2.7. Microarray Hybridization
2.7.1. mRNA Expression Profiling with Agilent 4 × 44 K Human Oligoarrays

Changes in gene expression were evaluated with the Agilent one-color (Cy3 fluorochrome) microarray-based gene expression platform according to the manufacturer’s instructions. Briefly, 500 ng of the individual total RNA was employed to synthesize double-stranded cDNA and cyanine 3 (Cy3) CTP labeled complementary amplified RNA (cRNA) by means of the Agilent Linear Amplification Kit (Agilent), according to the manufacturer’s instructions. By using Agilent human 4 × 44 K oligonucleotide microarrays (Agilent), cyanine-labeled complementary RNA was hybridized to microarrays in SureHyb chambers (Agilent) in a rotator oven at 65°C, for 17 h. Each array contained 44,000 oligonucleotide probes covering the entire human functional genome. The arrays were washed according to the manufacturer’s instructions and scanned with an Agilent DNA Microarray scanner.

2.7.2. miRNA Expression Profiling with Agilent 8 × 15 K Mouse Oligoarrays

Briefly, the total RNA samples were labeled with Cy3 by using the Agilent miRNA Complete Labeling and Hybridization Kit (Agilent). To this end, 100 ng of total RNA was dephosphorylated by incubation with calf intestinal phosphatase at 37°C for 30 min, denatured in 100% DMSO at 100°C for 8 min, and labeled with perCp-Cy3 by using T4 ligase at 16°C for 2 h. Each labeled RNA sample was hybridized to an individual array on 8 × 15 K format Agilent human miRNA array slides. Each array contained probes for 720 human miRNAs. Hybridization was performed in SureHyb chambers (Agilent) at 55°C for 20 h, and the arrays were washed according to the manufacturer’s instructions and scanned.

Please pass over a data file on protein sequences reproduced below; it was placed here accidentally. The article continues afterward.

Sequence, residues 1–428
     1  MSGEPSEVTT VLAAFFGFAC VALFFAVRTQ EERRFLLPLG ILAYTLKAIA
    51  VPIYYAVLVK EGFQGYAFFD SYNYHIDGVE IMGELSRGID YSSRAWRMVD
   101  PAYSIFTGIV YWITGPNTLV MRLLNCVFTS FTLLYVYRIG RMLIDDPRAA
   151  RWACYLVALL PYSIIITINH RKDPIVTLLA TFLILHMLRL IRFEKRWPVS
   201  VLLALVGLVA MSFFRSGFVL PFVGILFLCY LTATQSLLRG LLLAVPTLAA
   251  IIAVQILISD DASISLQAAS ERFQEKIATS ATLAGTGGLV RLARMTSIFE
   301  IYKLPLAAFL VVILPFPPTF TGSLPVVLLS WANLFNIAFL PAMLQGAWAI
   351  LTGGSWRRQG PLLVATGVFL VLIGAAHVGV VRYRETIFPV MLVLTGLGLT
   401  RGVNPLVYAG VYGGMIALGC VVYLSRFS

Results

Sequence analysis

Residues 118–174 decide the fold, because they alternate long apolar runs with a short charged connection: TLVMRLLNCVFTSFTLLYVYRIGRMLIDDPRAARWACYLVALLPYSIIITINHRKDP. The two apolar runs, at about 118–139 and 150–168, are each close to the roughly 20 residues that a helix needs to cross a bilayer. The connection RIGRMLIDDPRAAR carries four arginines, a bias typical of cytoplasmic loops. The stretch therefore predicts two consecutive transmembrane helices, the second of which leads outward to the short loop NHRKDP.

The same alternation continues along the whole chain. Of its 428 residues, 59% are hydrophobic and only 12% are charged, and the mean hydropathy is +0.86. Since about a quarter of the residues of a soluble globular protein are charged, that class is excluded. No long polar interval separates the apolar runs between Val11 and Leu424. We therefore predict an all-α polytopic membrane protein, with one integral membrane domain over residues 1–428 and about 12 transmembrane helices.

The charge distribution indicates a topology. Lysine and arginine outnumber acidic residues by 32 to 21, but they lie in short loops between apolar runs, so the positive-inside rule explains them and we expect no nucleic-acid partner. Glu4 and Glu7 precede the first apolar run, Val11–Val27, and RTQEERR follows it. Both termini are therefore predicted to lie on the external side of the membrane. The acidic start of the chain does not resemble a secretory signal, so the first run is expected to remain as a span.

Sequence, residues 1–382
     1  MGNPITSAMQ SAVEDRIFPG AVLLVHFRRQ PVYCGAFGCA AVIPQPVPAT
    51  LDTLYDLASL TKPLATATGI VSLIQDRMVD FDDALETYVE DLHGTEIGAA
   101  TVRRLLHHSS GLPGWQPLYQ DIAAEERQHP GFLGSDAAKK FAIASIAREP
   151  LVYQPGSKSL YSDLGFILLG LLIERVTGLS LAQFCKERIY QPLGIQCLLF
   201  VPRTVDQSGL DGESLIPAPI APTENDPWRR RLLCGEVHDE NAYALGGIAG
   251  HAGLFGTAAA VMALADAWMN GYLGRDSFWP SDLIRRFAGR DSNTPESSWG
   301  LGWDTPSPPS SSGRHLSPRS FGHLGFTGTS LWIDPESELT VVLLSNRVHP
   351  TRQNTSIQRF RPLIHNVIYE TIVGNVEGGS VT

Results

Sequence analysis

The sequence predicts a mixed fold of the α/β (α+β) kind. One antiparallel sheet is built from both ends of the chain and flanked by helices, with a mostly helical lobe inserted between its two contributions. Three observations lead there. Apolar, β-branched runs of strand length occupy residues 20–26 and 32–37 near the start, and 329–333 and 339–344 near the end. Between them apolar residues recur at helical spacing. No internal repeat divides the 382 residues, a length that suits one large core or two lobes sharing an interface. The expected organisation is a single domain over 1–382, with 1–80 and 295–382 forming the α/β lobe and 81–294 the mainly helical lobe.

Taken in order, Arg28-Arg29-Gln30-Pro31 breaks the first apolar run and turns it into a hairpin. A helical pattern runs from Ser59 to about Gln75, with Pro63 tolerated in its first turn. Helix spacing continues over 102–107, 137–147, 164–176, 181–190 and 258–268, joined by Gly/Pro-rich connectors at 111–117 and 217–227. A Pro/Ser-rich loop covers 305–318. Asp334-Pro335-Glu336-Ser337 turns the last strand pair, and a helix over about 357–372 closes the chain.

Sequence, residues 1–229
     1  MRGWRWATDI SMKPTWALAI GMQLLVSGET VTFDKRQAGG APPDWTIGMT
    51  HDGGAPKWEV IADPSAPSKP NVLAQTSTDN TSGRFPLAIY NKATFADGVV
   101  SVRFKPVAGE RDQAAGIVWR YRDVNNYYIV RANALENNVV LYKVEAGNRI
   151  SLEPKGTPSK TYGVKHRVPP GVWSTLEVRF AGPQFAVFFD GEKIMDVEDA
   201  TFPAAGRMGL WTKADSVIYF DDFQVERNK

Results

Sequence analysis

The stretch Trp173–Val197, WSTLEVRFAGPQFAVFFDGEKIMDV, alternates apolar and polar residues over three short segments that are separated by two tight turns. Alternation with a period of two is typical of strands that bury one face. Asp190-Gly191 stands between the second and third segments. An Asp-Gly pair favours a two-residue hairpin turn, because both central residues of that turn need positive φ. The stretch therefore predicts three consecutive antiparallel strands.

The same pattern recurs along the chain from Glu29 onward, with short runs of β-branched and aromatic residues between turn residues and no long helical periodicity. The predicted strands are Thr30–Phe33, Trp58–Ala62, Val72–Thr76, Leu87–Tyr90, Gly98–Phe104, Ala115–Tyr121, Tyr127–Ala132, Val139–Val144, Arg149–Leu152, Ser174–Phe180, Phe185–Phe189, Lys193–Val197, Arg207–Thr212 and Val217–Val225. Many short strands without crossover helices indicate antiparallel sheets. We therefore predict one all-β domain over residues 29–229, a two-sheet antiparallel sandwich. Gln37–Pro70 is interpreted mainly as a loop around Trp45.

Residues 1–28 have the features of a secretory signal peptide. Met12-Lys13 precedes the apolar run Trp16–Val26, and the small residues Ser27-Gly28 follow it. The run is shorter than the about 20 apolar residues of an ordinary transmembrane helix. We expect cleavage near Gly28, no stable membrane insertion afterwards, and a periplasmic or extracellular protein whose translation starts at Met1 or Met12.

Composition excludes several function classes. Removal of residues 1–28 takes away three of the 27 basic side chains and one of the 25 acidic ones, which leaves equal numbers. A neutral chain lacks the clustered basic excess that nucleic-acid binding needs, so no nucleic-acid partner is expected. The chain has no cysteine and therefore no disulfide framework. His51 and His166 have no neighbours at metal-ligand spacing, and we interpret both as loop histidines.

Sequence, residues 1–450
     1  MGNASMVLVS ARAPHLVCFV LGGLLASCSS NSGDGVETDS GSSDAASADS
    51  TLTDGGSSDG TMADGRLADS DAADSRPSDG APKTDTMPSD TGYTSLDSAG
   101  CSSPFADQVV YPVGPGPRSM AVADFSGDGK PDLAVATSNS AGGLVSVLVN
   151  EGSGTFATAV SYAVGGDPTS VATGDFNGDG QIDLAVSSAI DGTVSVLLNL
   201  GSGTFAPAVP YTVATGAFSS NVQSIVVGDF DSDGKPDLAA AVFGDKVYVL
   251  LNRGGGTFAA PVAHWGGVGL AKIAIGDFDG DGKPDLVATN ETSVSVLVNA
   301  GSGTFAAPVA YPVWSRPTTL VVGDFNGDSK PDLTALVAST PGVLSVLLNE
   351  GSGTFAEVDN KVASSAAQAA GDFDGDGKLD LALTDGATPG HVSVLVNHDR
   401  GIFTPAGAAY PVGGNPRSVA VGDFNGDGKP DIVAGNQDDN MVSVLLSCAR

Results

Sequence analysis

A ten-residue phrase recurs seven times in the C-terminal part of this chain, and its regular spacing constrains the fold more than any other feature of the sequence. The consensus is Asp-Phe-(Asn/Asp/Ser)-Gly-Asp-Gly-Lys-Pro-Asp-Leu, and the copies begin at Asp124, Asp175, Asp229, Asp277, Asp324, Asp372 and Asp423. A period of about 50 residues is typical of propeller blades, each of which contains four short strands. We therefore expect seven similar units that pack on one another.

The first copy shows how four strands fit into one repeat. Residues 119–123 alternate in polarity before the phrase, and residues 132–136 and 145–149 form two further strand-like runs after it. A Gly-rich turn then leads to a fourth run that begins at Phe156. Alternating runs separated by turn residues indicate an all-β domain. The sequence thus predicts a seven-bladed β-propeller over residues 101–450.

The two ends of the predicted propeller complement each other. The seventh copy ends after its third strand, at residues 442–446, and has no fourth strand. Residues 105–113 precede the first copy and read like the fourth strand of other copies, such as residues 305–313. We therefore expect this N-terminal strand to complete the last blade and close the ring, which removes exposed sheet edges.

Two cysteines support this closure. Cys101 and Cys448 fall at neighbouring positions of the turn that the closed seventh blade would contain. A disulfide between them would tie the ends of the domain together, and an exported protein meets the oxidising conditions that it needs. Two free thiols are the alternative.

2.8. Microarray Data Analysis

The oligo-mRNA and oligo-miRNA array slides were scanned with a DNA microarray scanner (Agilent), and the hybridization signals were extracted by using the Agilent Feature Extraction software. The microarray numerical quantitative data were normalized to the 75th percentile and were analyzed through the GeneSpring GX bioinformatics platform (http://www.agilent.com/chem/genespring), according to the default instructions. For mRNA analysis, we used ANOVA statistical test () with a fold change ≥ 2.0 and, for microRNA analysis, we used ANOVA statistical analysis () with a fold change ≥ 1.5 [13]. A complete file that provides all of the mRNAs and miRNAs present in the arrays used in this study, as well as the experimental conditions, is available online at a public database (http://www.ebi.ac.uk/arrayexpress/), Array Express accession E-MTAB-3091 (for mRNA hybridization) and E-MTAB-3093 (for microRNA hybridization).

2.9. Oligonucleotide Primer Design and Quantitative Real-Time Polymerase Chain Reaction (qRT-PCR)

mRNA and microRNA oligoarray data were confirmed by qRT-PCR for five mRNAs (SMURF2, NOTCH1, PHOSPHO1, COL24A1, and FGF1) and six microRNAs (miR-31-3p, miR-134, miR-136-3p, miR-376c-3p, miR-424-5p, and miR-494). The mRNAs or microRNAs were elected on the basis of their expression pattern and biological function associated with the studied model system. The Primer3 web tool (http://biotools.umassmed.edu/bioapps/primer3_www.cgi) was used to select pairs of oligonucleotide primers with an optimal melting temperature of 60°C. Table 1 lists the oligonucleotide primers used in qRT-PCRs primers for mRNAs and Table 2 lists the accession number and mature sequences for microRNAs. All the qRT-PCRs experiments were conducted in triplicate. One-way ANOVA statistical test was performed with the statistical software GraphPad Prism 5.0 (http://www.graphpad.com/prism/Prism.htm).